In a sign that the recession still has Los Angeles in its grip, the county's unemployment rate shot up to a modern record of 11.9 percent in July from a revised 11.2 percent in June thanks to steep cuts in public education payrolls.

What's more, the county lost a whopping 172,000 payroll jobs over the last year, a drop of 4.3 percent, led by huge cuts in manufacturing and retail employment, trade-related activity and professional and business services.

The jump in unemployment followed a few months of leveling off and was largely due to larger-than-usual seasonal cuts in public education. Budget-strapped school districts began their new fiscal year facing steep cuts in funding from the state and responded by slashing 24,000 jobs from their payrolls and eliminating summer school programs.

A year ago, the county's unemployment rate stood at 7.7 percent; since then the ranks of those residents reporting they were out of work have swelled by nearly 210,000. The county's two largest cities, Los Angeles and Long Beach, were particularly hard hit in July as each reported an unemployment rate of 13.7 percent.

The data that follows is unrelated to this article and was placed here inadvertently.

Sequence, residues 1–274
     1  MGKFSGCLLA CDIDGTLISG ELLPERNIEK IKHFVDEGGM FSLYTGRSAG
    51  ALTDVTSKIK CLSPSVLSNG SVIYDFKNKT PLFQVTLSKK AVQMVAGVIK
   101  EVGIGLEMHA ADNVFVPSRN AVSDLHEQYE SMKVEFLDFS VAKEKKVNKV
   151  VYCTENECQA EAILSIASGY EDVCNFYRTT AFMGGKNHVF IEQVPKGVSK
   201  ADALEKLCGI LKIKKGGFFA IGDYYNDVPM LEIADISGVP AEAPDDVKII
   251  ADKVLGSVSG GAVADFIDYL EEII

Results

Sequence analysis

Statewide, the unemployment rate also jumped to 11.9 percent from a revised 11.2 percent in June. The national unemployment rate in July was 9.4 percent, down slightly from 9.5 percent in June; that drop prompted many economists to declare the national recession was bottoming out.

But L.A. County continued to get walloped in July as the employer payroll figure sank to 3,872,600 jobs. Every education sector took big job losses; there were smaller cuts among health care and social assistance organizations and in the motion picture industry.

In the closely-watched year-over-year payroll figures, manufacturing took the biggest hit, losing 36,000 jobs. Professional and business services came next, with a decline of 32,000 jobs, followed by retail establishments, which saw 19,000 jobs disappear. Every other sector reported losses, except for private education and health services, which each gained about 5,000 jobs over the past year.

For reprint and licensing requests for this article, CLICK HERE.